[0019] FIG. 3 shows a representative component part 18 of the chassis member 12 representative of a low torsional rigidity region 14 of the chassis 12 which has been reinforced according to the invention. The reinforced chassis component 12 includes a form-shaped metal sheet chassis member or substrate 12 which is fabricated of steel, aluminum-based alloys, or the like and may include any variety of shapes, contours and cross sections, including open and closed channels, flares, openings, and the like. The metallic chassis member 12 has regions of relatively low torsional rigidity 16, represented by the stippled regions of FIG. 1, and regions 18 of relatively higher torsional rigidity represented by the non-stippled regions. When the chassis 10 is subjected to torsional loads in use of the chassis in a vehicle, it is the regions of relatively low torsional rigidity 16 that are prone flexing and deforming elastically under load due to their lower resistance to performing under the torsion load. According to the invention, these load torsional rigidity regions 16 are reinforced to increase their rigidity in order to make those regions 16, and thus the overall chassis 10 more rigid as a unit and able to sustain the same or higher torsional loads without flexing. Further, according to the invention, this increase in rigidity is achieved with minimal increase in weight of the chassis 10.

[0020] The representative low torsional rigidity component 12 of FIG. 3 is shown reinforced with a composite overlay 20 of directionally oriented fibers 22 which are embedded in a matrix, preferably a resin matrix, 24 and applied to at least some and preferably all of the low torsional rigidity regions 16 of the metal chassis member 12 in order to increase the torsional rigidity of such regions 16. It will be appreciated that the use of the overlay 20 enables a manufacturer of chassis to engineer the chassis to have a specific torsional rigidity profile in order to tune the chassis to attain the desired and optimum torsional rigidity profile for a given application. For example, the low torsional rigidity region 16 can be reinforced with the composite overlay 20 to increase the rigidity to the level of the regions of high torsional rigidity 18 or, if desired, above or below the high torsional rigidity regions 18 as best suited for a given application.

[0021] It will be further appreciated that the composite overlay 20 can be applied to one or more of the high torsional rigidity regions 18 to increase the rigidity of these regions as well, if called for by a given application. In this way, the manufacturer of chassis is able to produce the metal sheet chassis member substrate 14 with thinner gage walls or smaller dimensions, at least in the regions of low torsional rigidity 16 than would otherwise be required in order to provide the chassis 10 with the acceptable level of torsional rigidity in such lowest torsional rigidity regions 16. With the advent of the composite overlay 20, these otherwise unacceptably low regions of torsional rigidity 16 can be reinforced to acceptable regions with far less weight and restrictions on geometry.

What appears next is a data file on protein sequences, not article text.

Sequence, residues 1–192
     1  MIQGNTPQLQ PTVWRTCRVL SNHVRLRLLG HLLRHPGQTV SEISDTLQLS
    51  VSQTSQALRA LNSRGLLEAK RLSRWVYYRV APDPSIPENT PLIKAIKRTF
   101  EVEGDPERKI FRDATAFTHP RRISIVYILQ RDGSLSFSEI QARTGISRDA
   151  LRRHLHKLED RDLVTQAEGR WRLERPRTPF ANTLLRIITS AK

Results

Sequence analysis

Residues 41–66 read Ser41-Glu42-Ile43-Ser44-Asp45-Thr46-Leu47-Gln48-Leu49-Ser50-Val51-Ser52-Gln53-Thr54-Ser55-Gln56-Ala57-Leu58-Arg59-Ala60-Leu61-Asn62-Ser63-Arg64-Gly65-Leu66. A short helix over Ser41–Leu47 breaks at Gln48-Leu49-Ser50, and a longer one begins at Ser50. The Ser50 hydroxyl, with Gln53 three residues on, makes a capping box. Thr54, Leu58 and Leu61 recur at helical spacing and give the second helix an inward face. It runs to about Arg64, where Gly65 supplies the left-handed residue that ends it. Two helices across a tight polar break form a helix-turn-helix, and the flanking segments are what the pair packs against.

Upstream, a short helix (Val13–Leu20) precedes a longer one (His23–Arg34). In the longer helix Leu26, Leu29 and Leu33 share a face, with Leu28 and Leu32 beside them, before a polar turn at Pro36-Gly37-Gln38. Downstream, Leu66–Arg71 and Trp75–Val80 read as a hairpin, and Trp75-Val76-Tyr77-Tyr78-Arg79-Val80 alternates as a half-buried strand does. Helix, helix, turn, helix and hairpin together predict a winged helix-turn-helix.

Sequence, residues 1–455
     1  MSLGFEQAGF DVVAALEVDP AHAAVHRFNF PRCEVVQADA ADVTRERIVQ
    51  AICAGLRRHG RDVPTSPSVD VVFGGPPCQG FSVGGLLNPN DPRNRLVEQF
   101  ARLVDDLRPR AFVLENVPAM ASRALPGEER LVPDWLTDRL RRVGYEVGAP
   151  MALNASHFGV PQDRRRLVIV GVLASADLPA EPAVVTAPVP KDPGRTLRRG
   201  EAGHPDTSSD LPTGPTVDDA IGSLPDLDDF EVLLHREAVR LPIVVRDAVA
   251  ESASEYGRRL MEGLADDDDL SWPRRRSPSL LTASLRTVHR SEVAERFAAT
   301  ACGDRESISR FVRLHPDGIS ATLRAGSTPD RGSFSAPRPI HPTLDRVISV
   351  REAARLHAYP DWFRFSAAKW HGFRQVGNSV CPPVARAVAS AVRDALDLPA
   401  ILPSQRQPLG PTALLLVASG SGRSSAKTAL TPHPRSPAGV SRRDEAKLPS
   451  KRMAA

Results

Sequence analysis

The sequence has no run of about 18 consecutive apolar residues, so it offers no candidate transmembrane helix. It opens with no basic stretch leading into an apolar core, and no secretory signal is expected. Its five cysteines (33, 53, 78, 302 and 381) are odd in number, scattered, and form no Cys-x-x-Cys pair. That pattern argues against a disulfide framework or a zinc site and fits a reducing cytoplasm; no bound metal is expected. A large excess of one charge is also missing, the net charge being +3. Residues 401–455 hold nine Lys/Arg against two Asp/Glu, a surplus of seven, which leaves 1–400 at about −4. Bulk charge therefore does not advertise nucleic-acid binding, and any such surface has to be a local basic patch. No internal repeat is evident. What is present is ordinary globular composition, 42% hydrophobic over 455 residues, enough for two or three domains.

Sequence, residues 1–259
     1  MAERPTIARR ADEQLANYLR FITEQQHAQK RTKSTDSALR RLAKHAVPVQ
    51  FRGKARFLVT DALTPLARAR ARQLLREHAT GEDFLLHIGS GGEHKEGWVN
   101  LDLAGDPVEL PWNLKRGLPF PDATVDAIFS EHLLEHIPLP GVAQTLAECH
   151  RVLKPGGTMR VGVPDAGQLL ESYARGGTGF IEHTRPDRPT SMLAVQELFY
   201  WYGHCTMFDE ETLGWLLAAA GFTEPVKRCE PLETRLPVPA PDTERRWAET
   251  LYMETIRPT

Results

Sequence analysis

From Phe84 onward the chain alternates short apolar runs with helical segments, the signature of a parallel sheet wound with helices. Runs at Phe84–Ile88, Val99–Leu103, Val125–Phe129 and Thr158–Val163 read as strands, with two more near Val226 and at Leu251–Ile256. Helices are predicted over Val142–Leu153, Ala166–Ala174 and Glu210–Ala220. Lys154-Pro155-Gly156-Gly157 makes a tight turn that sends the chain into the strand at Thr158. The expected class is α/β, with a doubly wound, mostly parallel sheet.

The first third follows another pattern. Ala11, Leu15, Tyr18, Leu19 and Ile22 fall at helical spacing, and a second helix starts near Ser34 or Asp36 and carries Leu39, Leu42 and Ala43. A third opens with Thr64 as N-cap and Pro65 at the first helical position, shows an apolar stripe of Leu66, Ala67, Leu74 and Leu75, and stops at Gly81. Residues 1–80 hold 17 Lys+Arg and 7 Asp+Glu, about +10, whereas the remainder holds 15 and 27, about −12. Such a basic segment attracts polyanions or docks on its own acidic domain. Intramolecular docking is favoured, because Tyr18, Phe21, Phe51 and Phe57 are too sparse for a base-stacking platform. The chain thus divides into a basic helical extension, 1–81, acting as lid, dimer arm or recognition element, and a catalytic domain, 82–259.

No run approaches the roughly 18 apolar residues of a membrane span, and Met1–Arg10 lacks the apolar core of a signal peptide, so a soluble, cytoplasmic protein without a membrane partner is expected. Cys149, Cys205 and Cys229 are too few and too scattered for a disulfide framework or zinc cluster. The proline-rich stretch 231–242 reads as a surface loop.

[0022] As best illustrated in FIG. 3, the composite overlay 20 can be applied to one or both surfaces of the chassis member 12. It will be further seen that the fibers 22 are aligned with adjacent fibers in a single direction and the fibers 22 are preferably long, exceeding several inches, and more preferably extend the majority of the length of a given reinforced region. The fibers 22 are preferably supplied as a woven mat of long fibers which are directionally oriented in groups and woven into a given pattern, such as the checkerboard pattern illustrated in FIG. 3, in which groupings of the fibers are oriented 90 degrees relative to one another. Such directional orientation of the fibers is to be contrasted to other types of fiber reinforced composites including chopped fiber mat composites in which the fibers are short (less than 1 inch) and randomly dispersed so that there is no directional orientation of the fibers as in the present overlay 20. The fiber preferably comprises carbon fibers, although boron and other fibers are contemplated by the invention. The resin matrix may comprise any suitable matrix material appropriate for a given application, such as epoxies, and the like. The directional orientation of the fibers 22 and their length reinforced by the matrix 24 gives the overlay 20 considerable rigidity far exceeding that of the middle chassis member 12 and, when applied to the chassis member 12 increases the combined torsional rigidity with little added weight. The rate of improvement in torsional rigidity with the addition of the composite overlay 20 is less than 10 kg/Hz and preferably on the order of about 4.5 kg/Hz. By comparison, an increase in torsional rigidity with welded steel reinforcement overlay plates is at a rate greater than 10 kg/Hz.

[0023] The overlay 20 can be prefabricated to the appropriate size and shape separately from the chassis member 12 and thereafter bonded to the chassis member, or may be formed in place on the chassis member.

[0024] Accordingly, it will be appreciated that the reinforced chassis 10 provides great flexibility for a manufacturer to custom tune a chassis to provide the desired torsional rigidity at select regions without adding considerable weight to the weight to the chassis.

[0025] Obviously, many modifications and variations of the present invention are possible in light of the above teachings. It is, therefore, to be understood that within the scope of the appended claims, the invention may be practiced otherwise than as specifically described. The invention is defined by the claims.